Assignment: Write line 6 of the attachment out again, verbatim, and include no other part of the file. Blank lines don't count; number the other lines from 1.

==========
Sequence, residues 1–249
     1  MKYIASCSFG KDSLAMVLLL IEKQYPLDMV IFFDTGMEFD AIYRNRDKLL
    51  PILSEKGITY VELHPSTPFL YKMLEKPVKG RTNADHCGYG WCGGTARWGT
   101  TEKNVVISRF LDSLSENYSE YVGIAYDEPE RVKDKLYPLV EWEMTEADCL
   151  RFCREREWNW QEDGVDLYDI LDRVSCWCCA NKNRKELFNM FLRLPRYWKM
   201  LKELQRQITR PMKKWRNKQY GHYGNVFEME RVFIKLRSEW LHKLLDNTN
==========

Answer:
   201  LKELQRQITR PMKKWRNKQY GHYGNVFEME RVFIKLRSEW LHKLLDNTN